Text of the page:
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Nerve: Superior gluteal nerve
Nerves of the right lower extremity. Posterior view.
Plan of sacral and pudendal plexuses. (Superior gluteal labeled at upper left.)
Latin nervus gluteus superior
Gray's subject #213 659
Innervates gluteus medius, gluteus minimus, tensor fasciæ latæ
From sacral plexus (L4-S1)
MeSH [1]

The superior gluteal nerve is a nerve that originates in the pelvis which supplies the gluteus medius, the gluteus minimus, and the tensor fasciae latae muscles.


The superior gluteal nerve originates in the sacral plexus. It arises from the dorsal divisions of the fourth and fifth lumbar and first sacral nerves: it leaves the pelvis through the greater sciatic foramen above the piriformis, accompanied by the superior gluteal artery and the superior gluteal vein. It then divides into a superior and an inferior branch.

  • The superior branch accompanies the upper branch of the deep division of the superior gluteal artery and ends in the gluteus minimus.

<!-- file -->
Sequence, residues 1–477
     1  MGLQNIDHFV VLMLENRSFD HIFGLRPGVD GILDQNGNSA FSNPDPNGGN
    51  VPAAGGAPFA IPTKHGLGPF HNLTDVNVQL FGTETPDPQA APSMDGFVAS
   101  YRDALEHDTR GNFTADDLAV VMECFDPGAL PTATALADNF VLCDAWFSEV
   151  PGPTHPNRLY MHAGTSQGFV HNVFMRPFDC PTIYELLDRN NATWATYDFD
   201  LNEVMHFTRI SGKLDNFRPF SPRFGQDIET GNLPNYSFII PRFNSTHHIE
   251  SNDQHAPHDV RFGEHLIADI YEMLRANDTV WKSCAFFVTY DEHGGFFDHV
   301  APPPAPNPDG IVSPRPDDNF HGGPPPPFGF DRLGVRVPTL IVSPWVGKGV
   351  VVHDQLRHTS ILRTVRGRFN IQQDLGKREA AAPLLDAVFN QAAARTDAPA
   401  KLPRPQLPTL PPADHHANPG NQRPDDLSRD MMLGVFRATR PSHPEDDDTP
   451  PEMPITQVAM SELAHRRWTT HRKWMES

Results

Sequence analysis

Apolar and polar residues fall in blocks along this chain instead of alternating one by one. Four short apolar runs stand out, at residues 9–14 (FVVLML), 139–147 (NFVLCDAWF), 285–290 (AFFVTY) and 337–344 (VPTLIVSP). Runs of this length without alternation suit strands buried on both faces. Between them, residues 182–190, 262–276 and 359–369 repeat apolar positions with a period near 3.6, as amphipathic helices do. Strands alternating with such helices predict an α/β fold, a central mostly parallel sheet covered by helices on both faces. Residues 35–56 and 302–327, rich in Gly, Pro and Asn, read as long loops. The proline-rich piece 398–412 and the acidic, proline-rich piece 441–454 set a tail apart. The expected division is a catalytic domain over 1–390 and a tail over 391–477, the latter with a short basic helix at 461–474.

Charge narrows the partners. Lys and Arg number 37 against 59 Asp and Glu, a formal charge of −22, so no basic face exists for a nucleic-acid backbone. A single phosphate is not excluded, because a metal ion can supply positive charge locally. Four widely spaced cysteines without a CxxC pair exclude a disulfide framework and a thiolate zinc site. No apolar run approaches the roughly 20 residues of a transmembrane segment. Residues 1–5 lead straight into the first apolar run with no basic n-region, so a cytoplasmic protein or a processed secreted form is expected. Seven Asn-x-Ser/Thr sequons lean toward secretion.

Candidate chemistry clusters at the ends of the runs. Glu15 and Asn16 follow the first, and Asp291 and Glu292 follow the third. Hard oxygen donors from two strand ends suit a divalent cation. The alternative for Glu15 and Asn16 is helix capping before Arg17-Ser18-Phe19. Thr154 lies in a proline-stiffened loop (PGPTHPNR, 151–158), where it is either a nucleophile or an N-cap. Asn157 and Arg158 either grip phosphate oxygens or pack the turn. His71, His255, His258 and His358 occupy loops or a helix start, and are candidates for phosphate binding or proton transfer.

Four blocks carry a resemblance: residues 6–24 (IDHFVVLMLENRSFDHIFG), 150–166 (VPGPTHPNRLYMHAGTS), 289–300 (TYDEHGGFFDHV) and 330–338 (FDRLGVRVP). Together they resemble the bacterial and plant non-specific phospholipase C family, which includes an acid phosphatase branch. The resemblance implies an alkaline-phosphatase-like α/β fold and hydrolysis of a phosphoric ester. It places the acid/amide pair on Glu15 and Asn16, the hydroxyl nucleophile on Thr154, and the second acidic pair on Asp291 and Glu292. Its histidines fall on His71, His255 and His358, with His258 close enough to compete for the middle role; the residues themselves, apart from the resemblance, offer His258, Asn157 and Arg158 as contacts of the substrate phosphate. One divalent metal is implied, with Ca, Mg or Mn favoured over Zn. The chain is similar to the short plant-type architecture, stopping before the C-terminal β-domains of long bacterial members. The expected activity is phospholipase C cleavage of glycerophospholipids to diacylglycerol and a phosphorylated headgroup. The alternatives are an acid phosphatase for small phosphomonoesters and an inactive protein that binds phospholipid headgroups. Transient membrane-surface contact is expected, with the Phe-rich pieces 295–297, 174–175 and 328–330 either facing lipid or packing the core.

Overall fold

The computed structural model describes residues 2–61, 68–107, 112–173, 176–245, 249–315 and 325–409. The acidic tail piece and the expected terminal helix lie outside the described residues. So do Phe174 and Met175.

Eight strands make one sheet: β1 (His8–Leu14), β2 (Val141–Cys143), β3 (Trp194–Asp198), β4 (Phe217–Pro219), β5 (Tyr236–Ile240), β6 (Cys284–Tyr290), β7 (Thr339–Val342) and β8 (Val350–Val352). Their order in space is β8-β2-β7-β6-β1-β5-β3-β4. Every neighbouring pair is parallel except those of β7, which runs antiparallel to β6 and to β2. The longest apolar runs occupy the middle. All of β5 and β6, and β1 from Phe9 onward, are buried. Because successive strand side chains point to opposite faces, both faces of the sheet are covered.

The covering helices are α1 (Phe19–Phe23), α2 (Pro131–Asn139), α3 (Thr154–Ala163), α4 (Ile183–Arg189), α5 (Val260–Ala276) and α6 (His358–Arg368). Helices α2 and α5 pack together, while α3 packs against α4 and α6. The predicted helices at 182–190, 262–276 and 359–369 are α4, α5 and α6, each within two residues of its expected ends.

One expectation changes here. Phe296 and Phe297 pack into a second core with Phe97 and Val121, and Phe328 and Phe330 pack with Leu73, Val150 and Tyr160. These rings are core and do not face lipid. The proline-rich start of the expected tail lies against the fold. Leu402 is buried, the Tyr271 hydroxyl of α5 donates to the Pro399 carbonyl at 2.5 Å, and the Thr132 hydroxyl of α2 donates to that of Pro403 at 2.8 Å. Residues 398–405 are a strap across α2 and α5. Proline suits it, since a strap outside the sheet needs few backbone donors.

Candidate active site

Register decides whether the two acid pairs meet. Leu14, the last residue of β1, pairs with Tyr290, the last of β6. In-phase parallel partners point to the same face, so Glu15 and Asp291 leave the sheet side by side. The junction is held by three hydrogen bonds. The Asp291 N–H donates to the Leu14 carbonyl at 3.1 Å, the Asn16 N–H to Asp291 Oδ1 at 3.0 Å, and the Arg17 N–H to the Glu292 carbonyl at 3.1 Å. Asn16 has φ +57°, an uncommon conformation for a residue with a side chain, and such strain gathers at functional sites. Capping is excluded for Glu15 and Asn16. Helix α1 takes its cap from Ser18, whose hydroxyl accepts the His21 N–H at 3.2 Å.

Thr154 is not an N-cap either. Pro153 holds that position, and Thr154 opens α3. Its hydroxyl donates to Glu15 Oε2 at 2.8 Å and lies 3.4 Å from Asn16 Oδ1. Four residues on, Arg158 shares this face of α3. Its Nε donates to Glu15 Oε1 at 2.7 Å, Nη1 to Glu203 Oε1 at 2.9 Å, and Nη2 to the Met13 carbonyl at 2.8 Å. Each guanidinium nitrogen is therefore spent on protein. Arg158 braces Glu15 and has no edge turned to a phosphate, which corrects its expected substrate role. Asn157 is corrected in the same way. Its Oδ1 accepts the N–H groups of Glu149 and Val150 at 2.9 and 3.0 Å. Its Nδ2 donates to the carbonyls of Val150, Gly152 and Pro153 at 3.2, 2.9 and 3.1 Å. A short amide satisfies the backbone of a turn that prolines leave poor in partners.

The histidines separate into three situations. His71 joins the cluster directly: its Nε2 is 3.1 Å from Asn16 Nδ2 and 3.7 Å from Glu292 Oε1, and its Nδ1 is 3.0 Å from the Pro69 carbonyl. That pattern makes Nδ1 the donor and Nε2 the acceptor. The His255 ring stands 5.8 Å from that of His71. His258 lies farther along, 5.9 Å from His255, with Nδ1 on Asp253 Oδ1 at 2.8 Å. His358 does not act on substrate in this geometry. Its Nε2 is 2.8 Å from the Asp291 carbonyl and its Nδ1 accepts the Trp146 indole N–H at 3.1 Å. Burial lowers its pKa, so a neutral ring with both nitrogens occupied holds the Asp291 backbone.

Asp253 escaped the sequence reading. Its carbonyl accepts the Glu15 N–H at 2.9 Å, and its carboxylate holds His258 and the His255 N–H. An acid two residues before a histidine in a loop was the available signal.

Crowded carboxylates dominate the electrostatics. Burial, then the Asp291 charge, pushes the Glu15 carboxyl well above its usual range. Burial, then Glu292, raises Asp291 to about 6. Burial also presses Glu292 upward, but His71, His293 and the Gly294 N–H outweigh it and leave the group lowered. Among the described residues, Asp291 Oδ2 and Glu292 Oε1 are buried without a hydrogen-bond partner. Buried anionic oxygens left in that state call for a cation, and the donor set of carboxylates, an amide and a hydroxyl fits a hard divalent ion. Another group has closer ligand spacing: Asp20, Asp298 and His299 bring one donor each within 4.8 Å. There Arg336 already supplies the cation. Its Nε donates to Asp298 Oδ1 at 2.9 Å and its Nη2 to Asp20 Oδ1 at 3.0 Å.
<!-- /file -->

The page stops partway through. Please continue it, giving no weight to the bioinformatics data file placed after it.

• The inferior branch runs with the lower branch of the deep division of the superior gluteal artery across the gluteus minimus; it gives filaments to the gluteus medius and minimus, and ends in the tensor fasciae latae.

The superior gluteal nerve and vessels travel above the piriformis muscle through the greater sciatic foramen; the inferior gluteal nerve and vessels travel below the muscle.

See also

External links

This article was originally based on an entry from a public domain edition of Gray's Anatomy. As such, some of the information contained herein may be outdated. Please edit the article if this is the case, and feel free to remove this notice when it is no longer relevant.

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